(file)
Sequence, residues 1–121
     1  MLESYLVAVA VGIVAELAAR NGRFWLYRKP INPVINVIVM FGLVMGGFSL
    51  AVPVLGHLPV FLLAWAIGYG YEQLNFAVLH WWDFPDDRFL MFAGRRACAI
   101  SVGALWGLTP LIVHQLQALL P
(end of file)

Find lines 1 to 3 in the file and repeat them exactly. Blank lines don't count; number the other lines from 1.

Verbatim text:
Sequence, residues 1–121
     1  MLESYLVAVA VGIVAELAAR NGRFWLYRKP INPVINVIVM FGLVMGGFSL
    51  AVPVLGHLPV FLLAWAIGYG YEQLNFAVLH WWDFPDDRFL MFAGRRACAI